That's how Georgia Tann worked. A network of hired intelligence agents, corrupt judges and politicians helped her steal children. Sometimes her methods were extremely simple — from the above to stealing a child right on the street when he was walking home from school. After completing the necessary legal documents, children most often never saw their parents again.
At a time when Tann's business was booming (which is about thirty years), infant mortality in Memphis was at the highest level in the country. Georgia Tann earned money by charging adoption fees, but not only. She sold children into slavery — for agricultural work or in illegal sewing workshops. Some children were sold to rapists and pedophiles. Many even ended up in other countries. Tann had an established channel for transporting children to England. And only the "lucky ones" could end up in foster families, many of whom, in turn, did not realize that they were participating in an illegal enterprise.
Georgia Tann was born in Hickory, Mississippi, in 1891. Her father, George, was a judge, and her mother was a southern beauty. Georgia's father was reputed to be arrogant and domineering, and also a womanizer. From an early age, it became clear that the only daughter in the Tann family was also not a gift. Stocky and broad—shouldered, she wore flannel shirts tucked into trousers-unacceptable clothes for a girl at that time. However, there was also a pragmatic interest in such a way of dressing. After the accident, Tann began to limp and felt that men's clothing could hide this flaw.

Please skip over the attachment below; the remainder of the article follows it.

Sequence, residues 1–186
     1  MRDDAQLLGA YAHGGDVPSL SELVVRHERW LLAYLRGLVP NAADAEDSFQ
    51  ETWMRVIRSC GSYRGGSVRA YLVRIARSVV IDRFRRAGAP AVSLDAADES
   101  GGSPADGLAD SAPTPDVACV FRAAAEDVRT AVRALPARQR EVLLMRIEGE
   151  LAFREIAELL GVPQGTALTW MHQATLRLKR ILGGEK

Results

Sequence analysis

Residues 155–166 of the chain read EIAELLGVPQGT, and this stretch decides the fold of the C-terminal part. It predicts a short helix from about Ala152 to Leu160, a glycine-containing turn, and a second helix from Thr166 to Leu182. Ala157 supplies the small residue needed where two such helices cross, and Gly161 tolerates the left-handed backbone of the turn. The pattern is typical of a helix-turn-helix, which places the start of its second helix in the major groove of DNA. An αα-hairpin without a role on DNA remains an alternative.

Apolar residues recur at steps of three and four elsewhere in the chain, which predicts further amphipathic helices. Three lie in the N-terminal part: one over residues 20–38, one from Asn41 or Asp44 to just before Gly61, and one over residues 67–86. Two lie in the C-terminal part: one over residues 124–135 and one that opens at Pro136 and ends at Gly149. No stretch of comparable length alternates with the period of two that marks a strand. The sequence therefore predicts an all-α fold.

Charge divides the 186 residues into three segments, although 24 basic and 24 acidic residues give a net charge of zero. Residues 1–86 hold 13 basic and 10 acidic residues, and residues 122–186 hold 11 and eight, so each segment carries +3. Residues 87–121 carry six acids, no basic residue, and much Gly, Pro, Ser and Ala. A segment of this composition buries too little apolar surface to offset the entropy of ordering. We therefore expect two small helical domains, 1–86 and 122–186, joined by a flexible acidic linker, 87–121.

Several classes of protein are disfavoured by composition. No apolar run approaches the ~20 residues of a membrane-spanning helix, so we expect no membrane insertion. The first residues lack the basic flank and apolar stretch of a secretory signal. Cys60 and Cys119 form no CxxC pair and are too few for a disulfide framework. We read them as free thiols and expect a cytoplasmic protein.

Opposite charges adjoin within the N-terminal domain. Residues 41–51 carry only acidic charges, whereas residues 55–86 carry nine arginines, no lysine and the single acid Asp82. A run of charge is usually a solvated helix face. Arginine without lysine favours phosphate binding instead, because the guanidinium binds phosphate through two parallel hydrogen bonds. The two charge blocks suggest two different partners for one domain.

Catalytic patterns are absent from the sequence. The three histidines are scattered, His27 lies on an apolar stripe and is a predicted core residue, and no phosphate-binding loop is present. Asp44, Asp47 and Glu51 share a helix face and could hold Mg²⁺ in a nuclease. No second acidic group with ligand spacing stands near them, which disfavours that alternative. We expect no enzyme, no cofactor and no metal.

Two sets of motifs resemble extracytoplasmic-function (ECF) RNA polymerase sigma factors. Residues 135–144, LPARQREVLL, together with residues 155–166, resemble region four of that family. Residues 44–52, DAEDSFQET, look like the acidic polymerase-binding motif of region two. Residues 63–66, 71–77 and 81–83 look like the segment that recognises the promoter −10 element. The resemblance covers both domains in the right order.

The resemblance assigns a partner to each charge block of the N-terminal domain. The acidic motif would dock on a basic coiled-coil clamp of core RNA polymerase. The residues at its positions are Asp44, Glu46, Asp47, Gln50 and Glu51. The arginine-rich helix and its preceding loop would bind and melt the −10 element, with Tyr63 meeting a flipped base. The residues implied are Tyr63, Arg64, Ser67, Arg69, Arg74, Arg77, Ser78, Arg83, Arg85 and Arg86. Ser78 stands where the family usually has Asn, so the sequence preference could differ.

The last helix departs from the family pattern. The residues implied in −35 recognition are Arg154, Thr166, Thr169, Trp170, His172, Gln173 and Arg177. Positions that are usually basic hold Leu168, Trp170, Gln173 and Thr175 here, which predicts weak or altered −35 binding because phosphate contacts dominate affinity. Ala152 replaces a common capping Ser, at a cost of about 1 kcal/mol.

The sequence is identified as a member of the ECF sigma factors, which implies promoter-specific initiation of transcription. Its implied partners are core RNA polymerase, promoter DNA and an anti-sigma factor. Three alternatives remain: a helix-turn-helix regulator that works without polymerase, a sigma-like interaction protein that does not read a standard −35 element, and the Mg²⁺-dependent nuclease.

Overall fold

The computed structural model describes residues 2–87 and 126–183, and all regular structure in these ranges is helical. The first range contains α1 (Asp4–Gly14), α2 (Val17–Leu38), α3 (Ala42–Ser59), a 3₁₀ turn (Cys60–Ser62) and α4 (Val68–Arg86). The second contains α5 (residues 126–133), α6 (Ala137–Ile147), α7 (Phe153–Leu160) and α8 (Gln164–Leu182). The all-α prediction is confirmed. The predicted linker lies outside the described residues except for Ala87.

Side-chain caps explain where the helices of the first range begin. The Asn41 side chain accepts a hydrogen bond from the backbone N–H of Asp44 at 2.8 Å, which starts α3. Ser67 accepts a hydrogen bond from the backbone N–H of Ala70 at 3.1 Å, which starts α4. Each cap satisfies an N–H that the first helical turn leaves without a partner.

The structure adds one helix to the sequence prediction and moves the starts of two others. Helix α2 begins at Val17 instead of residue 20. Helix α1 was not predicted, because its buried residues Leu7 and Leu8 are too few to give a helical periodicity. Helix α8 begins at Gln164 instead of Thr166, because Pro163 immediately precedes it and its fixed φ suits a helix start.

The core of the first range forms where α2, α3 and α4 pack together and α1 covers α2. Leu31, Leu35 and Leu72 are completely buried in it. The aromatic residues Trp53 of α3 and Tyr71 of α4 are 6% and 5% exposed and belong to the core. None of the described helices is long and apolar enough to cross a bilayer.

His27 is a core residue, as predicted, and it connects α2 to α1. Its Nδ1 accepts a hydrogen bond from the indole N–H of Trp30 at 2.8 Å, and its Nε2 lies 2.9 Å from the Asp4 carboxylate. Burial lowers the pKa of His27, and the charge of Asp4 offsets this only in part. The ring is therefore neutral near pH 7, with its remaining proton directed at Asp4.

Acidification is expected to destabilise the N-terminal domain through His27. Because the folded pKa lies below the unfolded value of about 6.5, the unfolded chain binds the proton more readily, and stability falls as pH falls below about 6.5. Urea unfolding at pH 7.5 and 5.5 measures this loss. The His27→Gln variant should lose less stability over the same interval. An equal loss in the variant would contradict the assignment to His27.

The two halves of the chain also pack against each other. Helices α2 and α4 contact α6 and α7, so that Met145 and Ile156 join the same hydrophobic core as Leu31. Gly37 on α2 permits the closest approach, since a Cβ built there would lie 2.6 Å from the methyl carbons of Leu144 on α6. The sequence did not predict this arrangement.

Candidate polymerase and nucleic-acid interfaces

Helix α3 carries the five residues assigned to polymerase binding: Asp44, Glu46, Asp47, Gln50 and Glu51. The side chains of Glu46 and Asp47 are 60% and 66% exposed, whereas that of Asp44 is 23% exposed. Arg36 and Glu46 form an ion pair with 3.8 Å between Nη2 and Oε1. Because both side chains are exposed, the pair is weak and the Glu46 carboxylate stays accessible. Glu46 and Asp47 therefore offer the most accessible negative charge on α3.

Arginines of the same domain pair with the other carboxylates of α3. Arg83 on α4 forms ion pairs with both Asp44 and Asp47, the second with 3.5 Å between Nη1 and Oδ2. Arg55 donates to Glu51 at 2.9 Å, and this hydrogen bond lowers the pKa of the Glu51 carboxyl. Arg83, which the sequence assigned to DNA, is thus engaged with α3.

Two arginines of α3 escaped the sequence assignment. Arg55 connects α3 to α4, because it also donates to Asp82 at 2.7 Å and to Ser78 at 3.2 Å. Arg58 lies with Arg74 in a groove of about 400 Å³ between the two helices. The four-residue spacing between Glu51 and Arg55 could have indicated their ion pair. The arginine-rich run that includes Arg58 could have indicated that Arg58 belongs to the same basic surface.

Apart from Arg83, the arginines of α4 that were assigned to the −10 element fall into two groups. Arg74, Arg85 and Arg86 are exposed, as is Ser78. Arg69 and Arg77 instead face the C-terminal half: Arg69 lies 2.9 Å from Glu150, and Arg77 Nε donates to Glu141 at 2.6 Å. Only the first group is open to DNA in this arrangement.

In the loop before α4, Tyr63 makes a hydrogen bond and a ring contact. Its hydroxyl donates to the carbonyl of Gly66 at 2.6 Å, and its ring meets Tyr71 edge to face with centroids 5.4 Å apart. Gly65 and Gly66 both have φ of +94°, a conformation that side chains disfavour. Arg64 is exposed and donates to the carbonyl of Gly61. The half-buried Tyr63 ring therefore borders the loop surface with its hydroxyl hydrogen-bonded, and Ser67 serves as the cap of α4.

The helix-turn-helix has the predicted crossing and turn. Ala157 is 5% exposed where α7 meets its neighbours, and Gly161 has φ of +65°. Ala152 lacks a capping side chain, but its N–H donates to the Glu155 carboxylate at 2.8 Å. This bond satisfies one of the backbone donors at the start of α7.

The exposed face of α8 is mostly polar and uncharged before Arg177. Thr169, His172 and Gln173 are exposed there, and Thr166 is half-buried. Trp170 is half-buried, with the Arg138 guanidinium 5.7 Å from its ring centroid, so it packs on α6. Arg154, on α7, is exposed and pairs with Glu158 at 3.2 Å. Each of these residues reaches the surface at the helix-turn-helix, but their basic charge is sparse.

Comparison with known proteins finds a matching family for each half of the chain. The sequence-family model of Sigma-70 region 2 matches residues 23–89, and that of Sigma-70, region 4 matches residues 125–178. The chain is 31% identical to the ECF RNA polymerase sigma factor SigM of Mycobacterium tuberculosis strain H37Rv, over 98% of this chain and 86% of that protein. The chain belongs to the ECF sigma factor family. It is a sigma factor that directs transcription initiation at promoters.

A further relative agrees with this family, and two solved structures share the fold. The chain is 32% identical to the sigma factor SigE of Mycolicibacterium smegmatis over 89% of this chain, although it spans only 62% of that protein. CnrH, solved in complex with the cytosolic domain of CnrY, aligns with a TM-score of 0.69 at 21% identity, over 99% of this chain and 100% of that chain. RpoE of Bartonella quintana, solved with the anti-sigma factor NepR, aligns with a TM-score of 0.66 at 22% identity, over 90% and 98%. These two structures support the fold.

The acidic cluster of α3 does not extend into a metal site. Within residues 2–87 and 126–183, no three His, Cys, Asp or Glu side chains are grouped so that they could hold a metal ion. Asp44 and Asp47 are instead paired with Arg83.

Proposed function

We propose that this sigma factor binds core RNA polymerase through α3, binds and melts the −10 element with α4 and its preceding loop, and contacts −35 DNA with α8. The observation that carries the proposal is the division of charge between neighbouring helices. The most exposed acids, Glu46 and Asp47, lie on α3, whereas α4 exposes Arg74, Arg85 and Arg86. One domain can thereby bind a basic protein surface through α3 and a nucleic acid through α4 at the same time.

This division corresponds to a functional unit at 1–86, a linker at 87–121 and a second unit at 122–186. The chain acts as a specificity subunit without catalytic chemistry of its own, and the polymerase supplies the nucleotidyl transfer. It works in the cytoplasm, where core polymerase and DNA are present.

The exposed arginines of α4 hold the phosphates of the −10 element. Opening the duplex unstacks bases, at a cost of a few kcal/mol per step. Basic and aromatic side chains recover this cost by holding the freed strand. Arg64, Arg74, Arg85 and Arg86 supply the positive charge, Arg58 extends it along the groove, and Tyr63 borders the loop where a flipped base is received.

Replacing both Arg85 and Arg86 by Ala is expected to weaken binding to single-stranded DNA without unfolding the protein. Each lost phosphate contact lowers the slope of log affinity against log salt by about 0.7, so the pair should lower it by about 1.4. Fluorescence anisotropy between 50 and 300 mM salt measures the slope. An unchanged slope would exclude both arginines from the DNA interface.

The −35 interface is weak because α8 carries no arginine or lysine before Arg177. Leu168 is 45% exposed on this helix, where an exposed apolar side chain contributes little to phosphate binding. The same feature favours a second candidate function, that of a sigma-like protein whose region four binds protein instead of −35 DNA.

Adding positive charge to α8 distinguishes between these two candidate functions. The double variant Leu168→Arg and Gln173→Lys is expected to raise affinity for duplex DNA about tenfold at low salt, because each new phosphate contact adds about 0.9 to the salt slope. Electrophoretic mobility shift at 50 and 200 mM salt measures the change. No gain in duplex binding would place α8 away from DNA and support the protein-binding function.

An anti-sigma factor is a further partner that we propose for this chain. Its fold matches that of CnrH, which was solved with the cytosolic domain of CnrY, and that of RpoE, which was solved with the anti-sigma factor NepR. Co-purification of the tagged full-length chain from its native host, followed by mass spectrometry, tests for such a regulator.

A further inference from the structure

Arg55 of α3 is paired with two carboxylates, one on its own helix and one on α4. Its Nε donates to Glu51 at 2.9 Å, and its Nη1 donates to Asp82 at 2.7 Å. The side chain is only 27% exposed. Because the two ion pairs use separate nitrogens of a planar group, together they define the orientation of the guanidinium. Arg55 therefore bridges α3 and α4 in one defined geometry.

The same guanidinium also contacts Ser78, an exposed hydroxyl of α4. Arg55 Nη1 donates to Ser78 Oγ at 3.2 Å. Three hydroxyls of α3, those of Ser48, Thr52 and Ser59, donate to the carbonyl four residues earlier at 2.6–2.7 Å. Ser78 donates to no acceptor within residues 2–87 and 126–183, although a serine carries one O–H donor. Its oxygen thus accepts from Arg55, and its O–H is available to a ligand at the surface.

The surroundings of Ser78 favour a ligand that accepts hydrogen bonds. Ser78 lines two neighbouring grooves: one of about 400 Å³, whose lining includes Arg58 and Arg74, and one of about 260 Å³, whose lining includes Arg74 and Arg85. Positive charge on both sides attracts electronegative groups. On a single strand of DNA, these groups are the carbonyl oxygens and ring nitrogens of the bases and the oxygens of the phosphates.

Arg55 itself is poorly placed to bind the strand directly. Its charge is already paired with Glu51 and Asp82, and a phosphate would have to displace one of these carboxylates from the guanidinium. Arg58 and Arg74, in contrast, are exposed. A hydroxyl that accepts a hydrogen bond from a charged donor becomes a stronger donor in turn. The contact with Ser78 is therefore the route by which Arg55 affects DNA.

Social work has become one of the few career options for Tann that would allow her to escape from the custody of her parents as soon as possible and leave home altogether. In addition, she developed her own theory, a view of society, steeply implicated in eugenics — a scientific theory devoted to human selection. She considered wealthy people to be the highest type, and she saw the problems of the poor, in particular girls, in the absence of proper upbringing and environment.
After Georgia Tann started working in an orphanage in Mississippi, she decided to put her beliefs into practice. At first, she simply processed the few documents necessary for adoption. But later she realized: taking advantage of the fact that there is no clear adoption mechanism in the country, you can make good money by charging desperate couples who want to become parents.